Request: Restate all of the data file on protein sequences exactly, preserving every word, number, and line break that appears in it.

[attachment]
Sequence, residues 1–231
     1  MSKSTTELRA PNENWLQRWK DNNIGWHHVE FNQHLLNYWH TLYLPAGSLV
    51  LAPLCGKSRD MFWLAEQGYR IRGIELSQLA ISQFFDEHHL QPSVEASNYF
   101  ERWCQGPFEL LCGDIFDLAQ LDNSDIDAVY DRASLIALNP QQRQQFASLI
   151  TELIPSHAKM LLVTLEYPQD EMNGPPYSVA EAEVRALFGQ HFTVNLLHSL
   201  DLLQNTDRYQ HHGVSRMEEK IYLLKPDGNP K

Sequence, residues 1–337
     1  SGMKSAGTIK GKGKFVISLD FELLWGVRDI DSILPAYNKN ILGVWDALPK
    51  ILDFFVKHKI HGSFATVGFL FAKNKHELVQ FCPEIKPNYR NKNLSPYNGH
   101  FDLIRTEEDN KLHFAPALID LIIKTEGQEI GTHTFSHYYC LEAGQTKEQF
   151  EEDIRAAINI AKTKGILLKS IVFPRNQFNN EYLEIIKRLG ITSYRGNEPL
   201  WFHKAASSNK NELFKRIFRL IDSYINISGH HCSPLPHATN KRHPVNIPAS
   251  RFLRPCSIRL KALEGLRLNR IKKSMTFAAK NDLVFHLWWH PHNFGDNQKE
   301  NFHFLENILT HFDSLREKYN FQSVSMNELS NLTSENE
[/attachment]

Sequence, residues 1–231
     1  MSKSTTELRA PNENWLQRWK DNNIGWHHVE FNQHLLNYWH TLYLPAGSLV
    51  LAPLCGKSRD MFWLAEQGYR IRGIELSQLA ISQFFDEHHL QPSVEASNYF
   101  ERWCQGPFEL LCGDIFDLAQ LDNSDIDAVY DRASLIALNP QQRQQFASLI
   151  TELIPSHAKM LLVTLEYPQD EMNGPPYSVA EAEVRALFGQ HFTVNLLHSL
   201  DLLQNTDRYQ HHGVSRMEEK IYLLKPDGNP K

Sequence, residues 1–337
     1  SGMKSAGTIK GKGKFVISLD FELLWGVRDI DSILPAYNKN ILGVWDALPK
    51  ILDFFVKHKI HGSFATVGFL FAKNKHELVQ FCPEIKPNYR NKNLSPYNGH
   101  FDLIRTEEDN KLHFAPALID LIIKTEGQEI GTHTFSHYYC LEAGQTKEQF
   151  EEDIRAAINI AKTKGILLKS IVFPRNQFNN EYLEIIKRLG ITSYRGNEPL
   201  WFHKAASSNK NELFKRIFRL IDSYINISGH HCSPLPHATN KRHPVNIPAS
   251  RFLRPCSIRL KALEGLRLNR IKKSMTFAAK NDLVFHLWWH PHNFGDNQKE
   301  NFHFLENILT HFDSLREKYN FQSVSMNELS NLTSENE